Opinion: Why Kickstarter-funded games matter (and how it helps others atone for piracy)

Wasteland 2

Why would Razer CEO, Min-Liang Tan, post a tweet announcing to the whole world that he had pirated Brian Fargo’s original Wasteland, and then donate US$10,000 to Fargo’s Wasteland 2 Kickstarter project as an apology? Is Tan insane? Is Wasteland really that good? Who is Brian Fargo?

Very early during the first few days of Double Fine’s Kickstarter project, I was asked by one of my gaming friends: “Who is Double Fine, and why should I bother donating to people I don’t know?” Even after explaining to him who Tim Schafer and Ron Gilbert were, I felt that he had missed the entire logic behind the concept of Kickstarter-funded games.

Whether you have heard of Brian Fargo or Double Fine Productions is irrelevant. The simple fact is that any video gamer, hardcore or casual, has a soft spot in their heart for nostalgic, old-school games. After all, these were the games that we grew up with during the late 1980s and early 1990s. Once upon a time, point-and-click/side-scrolling adventure games, and text-heavy, isometric RPGs were the king. Now, they’ve become all but obsolete in the mainstream, relegated to experimental or low-budget projects from indie developers. What happened?

Blame it on the Halos, the Call of Dutys, the God of Wars, and the Skyrims. As hardware technology improves, so does the potential of creating bigger blockbuster games with better graphics and crazier action set-pieces. Unfortunately, this also means that the costs of producing such games have increased tremendously, requiring millions and millions of dollars.

And in order to make a profit, the only way for publishers to ensure that their games will generate enough sales, is to go with the the flow and avoid taking risks on genres that might not sell. That means more Halos, Call of Dutys, God of Wars, and Skyrims.

Don’t get me wrong, I have nothing against such titles. I loved Fallout: New Vegas, and I strongly believe that Uncharted 2 is one of the best action blockbuster games ever made. But still, all this is at the expense of retro-styled games, because nobody seems interested in making them anymore.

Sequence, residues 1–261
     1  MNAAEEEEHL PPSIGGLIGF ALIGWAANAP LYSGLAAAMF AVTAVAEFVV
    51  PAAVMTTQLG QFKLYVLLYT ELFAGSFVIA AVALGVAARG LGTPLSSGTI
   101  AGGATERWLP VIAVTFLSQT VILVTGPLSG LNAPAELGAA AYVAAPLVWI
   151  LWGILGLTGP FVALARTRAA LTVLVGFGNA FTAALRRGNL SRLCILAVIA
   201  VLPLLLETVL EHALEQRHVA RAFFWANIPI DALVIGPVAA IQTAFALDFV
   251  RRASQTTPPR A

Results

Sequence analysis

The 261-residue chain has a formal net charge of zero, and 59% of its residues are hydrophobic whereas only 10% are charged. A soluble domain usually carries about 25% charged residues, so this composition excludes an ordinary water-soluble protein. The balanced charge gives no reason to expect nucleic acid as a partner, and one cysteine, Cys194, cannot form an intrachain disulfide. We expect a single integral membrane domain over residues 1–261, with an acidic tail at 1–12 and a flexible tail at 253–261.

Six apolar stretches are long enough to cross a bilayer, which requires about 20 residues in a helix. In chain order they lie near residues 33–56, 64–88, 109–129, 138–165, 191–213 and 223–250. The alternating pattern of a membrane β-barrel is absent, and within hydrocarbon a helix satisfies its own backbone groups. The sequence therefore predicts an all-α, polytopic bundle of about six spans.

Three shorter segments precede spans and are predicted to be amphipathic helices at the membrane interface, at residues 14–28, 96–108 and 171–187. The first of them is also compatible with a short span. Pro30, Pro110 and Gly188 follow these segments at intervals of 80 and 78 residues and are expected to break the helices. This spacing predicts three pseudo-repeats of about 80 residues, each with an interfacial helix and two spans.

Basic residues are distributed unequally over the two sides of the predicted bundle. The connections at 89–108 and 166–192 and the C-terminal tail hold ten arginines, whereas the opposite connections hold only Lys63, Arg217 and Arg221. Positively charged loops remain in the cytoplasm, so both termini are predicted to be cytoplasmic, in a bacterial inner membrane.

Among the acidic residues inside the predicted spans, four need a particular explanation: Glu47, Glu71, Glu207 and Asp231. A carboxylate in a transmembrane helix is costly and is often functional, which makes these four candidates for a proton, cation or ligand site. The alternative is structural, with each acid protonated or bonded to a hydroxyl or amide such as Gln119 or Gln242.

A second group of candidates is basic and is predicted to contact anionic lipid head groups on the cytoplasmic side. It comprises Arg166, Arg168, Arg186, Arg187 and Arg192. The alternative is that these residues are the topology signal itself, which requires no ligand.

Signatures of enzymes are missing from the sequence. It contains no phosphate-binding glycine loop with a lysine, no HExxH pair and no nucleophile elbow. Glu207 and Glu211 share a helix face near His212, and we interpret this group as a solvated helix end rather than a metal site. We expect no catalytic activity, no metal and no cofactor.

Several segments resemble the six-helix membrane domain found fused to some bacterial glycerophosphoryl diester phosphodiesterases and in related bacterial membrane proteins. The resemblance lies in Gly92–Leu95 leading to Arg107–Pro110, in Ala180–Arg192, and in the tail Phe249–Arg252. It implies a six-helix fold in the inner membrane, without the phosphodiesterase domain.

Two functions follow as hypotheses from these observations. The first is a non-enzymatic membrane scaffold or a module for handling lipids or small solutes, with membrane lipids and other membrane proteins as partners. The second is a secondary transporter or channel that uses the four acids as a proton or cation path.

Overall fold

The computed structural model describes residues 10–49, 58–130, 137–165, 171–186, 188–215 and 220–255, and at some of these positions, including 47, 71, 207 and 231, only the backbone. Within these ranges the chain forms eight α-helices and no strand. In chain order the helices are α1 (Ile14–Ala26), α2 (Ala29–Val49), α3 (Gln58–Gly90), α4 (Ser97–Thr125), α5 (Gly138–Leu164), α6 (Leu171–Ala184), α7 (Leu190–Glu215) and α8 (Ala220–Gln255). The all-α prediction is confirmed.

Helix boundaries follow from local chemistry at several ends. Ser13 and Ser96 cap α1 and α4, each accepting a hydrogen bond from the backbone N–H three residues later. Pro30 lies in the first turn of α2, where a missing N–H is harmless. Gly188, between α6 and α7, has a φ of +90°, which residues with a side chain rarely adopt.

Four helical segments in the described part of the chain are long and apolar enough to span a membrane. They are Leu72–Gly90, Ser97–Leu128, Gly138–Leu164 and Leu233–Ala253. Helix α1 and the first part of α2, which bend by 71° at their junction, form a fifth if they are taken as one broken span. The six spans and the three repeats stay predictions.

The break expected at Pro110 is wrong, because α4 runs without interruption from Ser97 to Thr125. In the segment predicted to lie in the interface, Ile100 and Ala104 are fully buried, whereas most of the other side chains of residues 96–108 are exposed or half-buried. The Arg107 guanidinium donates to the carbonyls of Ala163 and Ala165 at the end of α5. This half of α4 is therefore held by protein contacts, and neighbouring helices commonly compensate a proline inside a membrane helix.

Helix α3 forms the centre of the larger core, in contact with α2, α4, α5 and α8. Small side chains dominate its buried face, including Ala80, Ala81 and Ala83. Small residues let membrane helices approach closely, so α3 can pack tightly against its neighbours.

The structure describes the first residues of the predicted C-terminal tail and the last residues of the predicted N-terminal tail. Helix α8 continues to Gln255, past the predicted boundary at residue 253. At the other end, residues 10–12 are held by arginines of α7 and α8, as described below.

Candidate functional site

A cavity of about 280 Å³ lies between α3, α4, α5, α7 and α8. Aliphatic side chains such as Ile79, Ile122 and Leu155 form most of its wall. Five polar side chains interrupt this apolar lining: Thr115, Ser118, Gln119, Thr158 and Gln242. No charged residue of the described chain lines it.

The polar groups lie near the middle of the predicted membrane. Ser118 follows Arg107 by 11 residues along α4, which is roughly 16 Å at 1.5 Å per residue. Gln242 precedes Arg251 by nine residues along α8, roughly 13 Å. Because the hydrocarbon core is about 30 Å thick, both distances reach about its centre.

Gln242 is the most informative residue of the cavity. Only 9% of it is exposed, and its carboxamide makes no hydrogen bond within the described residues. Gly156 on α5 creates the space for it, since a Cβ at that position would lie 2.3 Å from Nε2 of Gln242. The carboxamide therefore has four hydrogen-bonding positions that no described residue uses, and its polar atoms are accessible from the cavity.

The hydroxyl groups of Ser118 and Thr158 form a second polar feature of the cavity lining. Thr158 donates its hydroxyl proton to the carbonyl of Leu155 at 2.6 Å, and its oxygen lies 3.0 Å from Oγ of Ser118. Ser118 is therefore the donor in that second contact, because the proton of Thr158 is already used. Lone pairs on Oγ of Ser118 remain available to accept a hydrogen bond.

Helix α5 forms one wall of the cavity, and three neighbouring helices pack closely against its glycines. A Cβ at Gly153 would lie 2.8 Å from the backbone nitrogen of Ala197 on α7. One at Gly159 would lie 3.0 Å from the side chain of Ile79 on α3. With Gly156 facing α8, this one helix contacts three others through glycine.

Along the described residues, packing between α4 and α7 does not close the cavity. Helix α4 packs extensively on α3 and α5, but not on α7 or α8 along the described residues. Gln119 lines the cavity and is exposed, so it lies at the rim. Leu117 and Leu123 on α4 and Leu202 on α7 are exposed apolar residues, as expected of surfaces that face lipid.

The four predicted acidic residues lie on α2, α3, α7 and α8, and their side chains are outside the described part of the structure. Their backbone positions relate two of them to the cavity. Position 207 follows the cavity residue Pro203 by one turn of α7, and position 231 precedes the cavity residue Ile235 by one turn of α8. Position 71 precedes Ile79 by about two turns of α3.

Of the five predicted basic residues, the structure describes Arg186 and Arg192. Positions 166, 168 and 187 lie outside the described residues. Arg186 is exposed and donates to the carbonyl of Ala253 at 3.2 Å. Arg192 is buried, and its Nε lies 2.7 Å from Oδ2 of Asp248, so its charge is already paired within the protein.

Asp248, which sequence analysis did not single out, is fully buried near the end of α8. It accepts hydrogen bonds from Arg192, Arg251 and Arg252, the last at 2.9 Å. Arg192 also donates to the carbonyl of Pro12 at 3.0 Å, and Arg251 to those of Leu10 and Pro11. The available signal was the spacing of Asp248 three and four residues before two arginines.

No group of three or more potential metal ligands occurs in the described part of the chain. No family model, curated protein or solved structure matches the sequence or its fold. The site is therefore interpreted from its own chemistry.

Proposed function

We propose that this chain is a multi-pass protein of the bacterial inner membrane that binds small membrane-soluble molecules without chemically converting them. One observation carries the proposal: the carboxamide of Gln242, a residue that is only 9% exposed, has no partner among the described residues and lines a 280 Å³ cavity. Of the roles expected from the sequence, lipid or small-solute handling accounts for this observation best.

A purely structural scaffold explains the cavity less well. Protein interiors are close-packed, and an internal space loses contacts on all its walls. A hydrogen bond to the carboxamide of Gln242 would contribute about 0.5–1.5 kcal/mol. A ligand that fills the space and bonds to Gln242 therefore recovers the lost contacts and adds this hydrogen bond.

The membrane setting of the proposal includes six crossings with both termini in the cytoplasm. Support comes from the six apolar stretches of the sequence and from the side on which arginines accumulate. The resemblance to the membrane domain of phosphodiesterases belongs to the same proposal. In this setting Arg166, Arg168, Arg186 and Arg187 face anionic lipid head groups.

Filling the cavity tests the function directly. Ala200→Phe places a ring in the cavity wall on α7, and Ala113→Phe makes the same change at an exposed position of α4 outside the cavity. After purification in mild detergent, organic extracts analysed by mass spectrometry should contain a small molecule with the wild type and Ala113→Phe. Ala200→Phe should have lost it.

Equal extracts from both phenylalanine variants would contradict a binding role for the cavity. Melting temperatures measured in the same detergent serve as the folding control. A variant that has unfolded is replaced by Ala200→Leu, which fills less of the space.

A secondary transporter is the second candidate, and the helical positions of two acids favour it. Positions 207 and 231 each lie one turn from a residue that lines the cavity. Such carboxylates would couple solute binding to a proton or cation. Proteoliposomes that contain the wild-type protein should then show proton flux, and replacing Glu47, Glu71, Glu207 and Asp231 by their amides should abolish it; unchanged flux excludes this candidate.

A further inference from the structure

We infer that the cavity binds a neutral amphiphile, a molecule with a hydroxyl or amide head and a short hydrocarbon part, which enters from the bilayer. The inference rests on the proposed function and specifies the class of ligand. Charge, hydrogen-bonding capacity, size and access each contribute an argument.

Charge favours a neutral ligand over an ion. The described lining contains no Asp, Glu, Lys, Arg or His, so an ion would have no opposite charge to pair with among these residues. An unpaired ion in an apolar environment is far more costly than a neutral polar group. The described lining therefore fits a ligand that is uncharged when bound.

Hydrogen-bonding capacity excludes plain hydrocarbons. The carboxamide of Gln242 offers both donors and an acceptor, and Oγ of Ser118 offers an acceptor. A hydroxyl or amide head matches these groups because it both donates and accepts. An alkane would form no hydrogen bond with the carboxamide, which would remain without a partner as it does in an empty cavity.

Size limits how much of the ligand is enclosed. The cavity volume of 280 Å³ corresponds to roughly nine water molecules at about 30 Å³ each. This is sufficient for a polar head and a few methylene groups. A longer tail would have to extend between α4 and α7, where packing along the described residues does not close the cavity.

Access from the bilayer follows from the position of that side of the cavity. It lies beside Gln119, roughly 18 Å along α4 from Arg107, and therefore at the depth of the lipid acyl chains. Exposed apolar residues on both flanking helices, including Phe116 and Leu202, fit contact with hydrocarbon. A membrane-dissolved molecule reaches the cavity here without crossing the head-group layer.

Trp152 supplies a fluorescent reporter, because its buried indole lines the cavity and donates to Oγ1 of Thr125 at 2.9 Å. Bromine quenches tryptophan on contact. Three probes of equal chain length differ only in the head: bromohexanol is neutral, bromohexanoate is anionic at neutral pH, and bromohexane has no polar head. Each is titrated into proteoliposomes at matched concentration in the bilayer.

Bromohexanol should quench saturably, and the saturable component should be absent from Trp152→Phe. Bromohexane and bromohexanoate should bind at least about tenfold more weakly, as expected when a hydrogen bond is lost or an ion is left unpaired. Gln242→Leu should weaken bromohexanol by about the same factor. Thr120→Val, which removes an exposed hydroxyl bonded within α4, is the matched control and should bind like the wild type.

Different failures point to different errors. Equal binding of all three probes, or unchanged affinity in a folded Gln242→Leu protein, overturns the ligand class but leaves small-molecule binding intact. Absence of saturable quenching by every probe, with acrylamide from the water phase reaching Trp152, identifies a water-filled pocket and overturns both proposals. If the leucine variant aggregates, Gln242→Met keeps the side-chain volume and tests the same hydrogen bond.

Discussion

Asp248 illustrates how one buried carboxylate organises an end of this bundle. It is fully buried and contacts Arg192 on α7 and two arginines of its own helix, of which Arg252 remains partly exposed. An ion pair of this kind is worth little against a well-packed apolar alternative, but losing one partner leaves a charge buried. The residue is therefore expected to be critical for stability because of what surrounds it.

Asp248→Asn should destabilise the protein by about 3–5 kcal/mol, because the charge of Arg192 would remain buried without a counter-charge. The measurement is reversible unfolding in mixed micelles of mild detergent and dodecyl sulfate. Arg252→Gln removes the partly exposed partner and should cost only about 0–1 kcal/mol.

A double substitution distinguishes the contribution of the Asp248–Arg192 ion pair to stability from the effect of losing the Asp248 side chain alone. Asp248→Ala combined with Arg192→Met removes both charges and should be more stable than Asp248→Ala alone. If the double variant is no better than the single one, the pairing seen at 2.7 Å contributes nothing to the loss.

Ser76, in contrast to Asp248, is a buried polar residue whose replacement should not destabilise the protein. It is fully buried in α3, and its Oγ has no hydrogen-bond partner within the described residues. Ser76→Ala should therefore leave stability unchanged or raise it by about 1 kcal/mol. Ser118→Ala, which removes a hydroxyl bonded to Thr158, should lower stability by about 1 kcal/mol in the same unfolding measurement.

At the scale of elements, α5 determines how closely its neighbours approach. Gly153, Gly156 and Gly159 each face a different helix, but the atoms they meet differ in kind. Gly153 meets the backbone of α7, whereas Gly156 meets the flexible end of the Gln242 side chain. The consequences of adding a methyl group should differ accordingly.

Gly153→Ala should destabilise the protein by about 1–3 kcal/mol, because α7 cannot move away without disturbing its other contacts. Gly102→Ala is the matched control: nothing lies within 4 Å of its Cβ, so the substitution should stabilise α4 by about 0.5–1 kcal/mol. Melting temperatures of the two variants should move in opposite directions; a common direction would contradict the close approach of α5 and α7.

The recent Jagged Alliance: Back in Action remake abandoned the series’ beloved turn-based tactical combat in favour of a more real-time, RTS-style system. Which pissed off many Jagged Alliance fans. Back in 2010, 2K Marin announced that they were developing a new X-COM game, abandoning the series’ beloved turn-based tactical combat in favour of a 3D action shooter. Which pissed off many X-COM fans.

Double Fine Adventure

These examples, along with the Wasteland 2 and Double Fine Kickstarters, prove that there is still a demand for old-school titles, and that gamers are willing to fork out lots of cash for them. Whoever said that adventure games or isometric RPGs are dead needs to be shot in the head and thrown into a Psychonauts meat circus. Don’t let game publishers and their marketing departments dictate what games can or cannot be produced.

Of course, I’m not asking you to go donate $100 to every Kickstarter game out there. But I’m sure that everyone has a particular retro genre that they really love. If you’re a fan of Bioware (before they got corrupted by EA) and Interplay’s old RPGs, you should be donating to the Wasteland 2 kickstarter. If you played and enjoyed any of the old Lucasarts or Sierra adventure games, you should have donated to Double Fine.

This new wave of Kickstarter-funded games serves two purposes: One, to free game developers from the shackles of their publishers, allowing them to produce the games that they truly wish to make. Two, to prove to said publishers, that yes, old-school titles are still popular and can generate millions. Over $3.3 million worth of Kickstarter donations can’t be wrong, right?

Just ask Min-Liang Tan.

The author is still waiting for someone, anyone, to produce a No One Lives Forever 3 sequel.

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